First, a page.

Swedish growth highest since 2000

Swedish GDP rose by 5.5 percent in the second quarter of 2006 compared to the same period 2005, meaning that the economy is growing faster than at any time since 2000.

Statistics Sweden’s quarterly report, which contained almost only good news from the Swedish economy, comes just over a month before the general election. Pär Nuder, Sweden’s finance minister, said the report confirms “the whole economy is growing.”

The figures beat analysts’ expectations. They had on average predicted a year-on-year increase of 4.2 percent.

The preliminary numbers show that household spending rose by 3.2 percent in the second quarter. Shop sales rose 9.1 percent, sales of cars rose 6 percent.

The seasonally adjusted growth figure compared to the first quarter 2006 was 1.4 percent.

Spending by foreign tourists in Sweden grew strongly, while Swedes’ spending outside the country was down.

Oil consumption was down, something Statistics Sweden put down to households changing heating systems from oil to electricity and pellet-fired systems.

Reduced gasoline consumption was also noted.

“Increased petrol prices and maybe even congestion charging in Stockholm have led to reduced petrol consumption,” the agency wrote in a statement. Increases in the number of people using public transportation were also noted.

Public sector spending rose by 1.3 percent, with central government spending rising by 0.6 percent and local government spending rising by 1.6 percent.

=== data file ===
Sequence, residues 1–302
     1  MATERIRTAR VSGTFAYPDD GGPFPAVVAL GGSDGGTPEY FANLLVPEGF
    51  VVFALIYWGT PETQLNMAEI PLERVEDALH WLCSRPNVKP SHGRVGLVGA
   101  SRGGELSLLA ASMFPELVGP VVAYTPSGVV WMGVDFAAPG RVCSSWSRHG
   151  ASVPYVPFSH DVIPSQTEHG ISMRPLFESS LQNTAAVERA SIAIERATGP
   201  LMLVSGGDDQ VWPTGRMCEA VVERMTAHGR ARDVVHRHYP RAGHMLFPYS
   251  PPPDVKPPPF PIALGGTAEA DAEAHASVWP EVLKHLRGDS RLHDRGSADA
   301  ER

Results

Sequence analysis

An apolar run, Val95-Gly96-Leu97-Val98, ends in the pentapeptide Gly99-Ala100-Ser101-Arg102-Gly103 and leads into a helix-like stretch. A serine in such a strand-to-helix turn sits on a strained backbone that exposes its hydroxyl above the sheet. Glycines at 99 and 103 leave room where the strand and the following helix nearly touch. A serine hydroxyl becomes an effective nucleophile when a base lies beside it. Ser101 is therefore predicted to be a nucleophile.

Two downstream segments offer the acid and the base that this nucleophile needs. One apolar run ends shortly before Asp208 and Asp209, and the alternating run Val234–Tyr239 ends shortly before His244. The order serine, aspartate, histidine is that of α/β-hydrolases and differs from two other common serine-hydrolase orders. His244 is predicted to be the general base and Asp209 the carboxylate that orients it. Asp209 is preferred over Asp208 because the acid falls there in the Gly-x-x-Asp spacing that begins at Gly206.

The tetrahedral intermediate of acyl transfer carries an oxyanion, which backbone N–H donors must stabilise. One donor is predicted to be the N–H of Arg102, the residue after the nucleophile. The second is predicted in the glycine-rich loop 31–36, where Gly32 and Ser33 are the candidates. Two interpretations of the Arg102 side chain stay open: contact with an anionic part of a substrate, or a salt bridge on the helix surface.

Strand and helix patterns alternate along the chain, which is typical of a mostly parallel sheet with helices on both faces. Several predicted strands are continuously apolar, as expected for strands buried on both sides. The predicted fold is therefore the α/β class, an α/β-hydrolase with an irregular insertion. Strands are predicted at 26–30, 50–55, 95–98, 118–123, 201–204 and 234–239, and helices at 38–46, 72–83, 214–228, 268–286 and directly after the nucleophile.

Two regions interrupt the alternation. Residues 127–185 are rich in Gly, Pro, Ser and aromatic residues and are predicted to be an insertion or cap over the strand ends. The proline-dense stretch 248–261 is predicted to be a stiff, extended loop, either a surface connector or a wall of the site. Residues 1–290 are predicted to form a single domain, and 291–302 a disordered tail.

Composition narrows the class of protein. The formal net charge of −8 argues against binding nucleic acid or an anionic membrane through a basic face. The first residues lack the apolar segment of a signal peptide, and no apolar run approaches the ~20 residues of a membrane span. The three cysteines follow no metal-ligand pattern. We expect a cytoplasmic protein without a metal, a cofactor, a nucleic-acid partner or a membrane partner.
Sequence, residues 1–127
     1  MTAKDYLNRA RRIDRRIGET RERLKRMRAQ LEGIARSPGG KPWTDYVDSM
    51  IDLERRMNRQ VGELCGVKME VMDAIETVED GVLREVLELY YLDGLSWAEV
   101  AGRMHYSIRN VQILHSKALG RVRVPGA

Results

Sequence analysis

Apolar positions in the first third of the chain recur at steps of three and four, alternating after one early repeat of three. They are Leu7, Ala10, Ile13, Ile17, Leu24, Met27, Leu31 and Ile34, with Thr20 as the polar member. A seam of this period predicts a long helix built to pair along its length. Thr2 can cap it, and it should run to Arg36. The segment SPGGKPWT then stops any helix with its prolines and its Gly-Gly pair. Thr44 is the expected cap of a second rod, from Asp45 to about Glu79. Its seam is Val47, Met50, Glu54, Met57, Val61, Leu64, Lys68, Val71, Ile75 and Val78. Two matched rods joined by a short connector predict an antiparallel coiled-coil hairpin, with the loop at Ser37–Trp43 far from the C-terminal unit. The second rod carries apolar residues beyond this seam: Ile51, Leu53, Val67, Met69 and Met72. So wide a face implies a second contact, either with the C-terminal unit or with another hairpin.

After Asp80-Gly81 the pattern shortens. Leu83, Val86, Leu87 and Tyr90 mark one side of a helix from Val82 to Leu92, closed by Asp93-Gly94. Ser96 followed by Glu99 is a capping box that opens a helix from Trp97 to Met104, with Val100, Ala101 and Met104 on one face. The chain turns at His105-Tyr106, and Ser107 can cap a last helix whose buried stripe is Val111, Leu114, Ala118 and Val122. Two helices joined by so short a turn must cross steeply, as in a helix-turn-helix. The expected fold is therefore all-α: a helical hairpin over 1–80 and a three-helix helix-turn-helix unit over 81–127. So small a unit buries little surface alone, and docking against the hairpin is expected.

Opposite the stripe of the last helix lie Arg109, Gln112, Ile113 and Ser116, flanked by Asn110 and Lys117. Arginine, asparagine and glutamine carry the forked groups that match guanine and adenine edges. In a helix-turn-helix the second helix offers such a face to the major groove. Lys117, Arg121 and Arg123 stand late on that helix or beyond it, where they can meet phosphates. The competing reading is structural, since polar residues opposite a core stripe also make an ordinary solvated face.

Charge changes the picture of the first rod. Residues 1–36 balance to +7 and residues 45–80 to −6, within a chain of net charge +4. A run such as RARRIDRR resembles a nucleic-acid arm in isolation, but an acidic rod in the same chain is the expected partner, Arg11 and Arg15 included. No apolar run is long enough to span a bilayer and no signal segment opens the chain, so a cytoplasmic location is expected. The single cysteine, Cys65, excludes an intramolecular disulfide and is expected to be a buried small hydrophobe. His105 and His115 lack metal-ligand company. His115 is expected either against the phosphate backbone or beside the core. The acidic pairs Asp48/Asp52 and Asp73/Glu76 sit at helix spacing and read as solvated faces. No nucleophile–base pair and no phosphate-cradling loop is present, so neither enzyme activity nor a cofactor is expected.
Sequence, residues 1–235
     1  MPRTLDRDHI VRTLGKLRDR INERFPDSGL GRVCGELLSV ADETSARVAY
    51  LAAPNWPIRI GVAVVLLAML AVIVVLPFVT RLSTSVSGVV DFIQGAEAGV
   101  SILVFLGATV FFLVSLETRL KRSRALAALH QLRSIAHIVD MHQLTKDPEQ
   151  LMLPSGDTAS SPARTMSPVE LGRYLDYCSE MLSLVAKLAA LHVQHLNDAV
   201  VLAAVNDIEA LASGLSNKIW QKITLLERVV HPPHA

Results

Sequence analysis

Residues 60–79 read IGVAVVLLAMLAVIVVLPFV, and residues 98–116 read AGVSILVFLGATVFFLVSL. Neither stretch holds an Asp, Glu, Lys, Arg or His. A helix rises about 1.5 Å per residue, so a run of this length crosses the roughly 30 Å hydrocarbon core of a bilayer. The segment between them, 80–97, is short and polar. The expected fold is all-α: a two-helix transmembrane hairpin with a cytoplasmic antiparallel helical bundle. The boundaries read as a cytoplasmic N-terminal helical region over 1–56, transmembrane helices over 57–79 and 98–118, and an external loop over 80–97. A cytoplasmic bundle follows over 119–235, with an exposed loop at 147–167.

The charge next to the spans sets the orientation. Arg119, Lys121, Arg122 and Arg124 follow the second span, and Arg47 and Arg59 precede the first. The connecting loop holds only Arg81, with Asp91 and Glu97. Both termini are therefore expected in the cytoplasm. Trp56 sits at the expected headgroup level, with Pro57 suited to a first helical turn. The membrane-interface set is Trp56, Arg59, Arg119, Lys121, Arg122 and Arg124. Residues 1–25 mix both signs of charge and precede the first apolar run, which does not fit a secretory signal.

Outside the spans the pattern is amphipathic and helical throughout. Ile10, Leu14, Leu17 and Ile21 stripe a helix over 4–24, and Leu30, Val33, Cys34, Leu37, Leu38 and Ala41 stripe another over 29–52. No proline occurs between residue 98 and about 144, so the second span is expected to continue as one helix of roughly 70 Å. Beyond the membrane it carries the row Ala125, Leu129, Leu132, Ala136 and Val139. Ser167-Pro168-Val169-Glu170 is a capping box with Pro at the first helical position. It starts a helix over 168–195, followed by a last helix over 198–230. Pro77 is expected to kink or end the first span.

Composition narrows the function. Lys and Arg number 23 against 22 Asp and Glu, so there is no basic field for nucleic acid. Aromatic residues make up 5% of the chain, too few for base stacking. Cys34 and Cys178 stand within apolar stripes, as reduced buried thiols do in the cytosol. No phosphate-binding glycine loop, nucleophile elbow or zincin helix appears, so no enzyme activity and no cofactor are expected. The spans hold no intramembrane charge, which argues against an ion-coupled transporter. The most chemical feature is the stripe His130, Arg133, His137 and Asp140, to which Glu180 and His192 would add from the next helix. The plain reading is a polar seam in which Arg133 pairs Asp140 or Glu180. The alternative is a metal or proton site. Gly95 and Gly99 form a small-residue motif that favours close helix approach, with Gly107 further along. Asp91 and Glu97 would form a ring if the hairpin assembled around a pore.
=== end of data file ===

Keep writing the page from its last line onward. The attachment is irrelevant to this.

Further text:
Investments (gross fixed capital formation) rose by 7.9 percent during the quarter, with investments in the construction sector rising by around 10 percent. House building continued to rise during the period, and the state’s spending on roads increasing by 50 percent.

Industry’s investments increased 8.1 percent. Central and local government investments were up by 9 percent and 4.3 percent respectively.

Exports of goods and services increased by 7.1 percent, while imports increased by 6.5 percent. Production in industry increased 6.2 percent, and the number of hours worked increased by 1.3 percent. Mining, the construction industry and the service sector all saw big increases. The number of hours worked in the public sector also rose, by 1.2 percent.

“The figures confirm that the Swedish economy is very strong,” Pär Nuder told news agency TT following the publication of the figures.

“It is particularly pleasing that the whole economy is growing, including domestic consumption, investments and exports. This makes Sweden less vulnerable than if we had had export-led growth.”

“We are beating the Euroland countries by big margins,” he said.

Nuder denied that there was a risk that the Swedish economy would overheat.

“The Swedish economy can tolerate higher levels of activity than before. We have gone from being a high-inflation economy to being a low-inflation economy.”

He also denied that the government had followed an expansive economic and monetary policy this year because of the election.

“We follow economic policies in a planned way based on current conditions,” he said.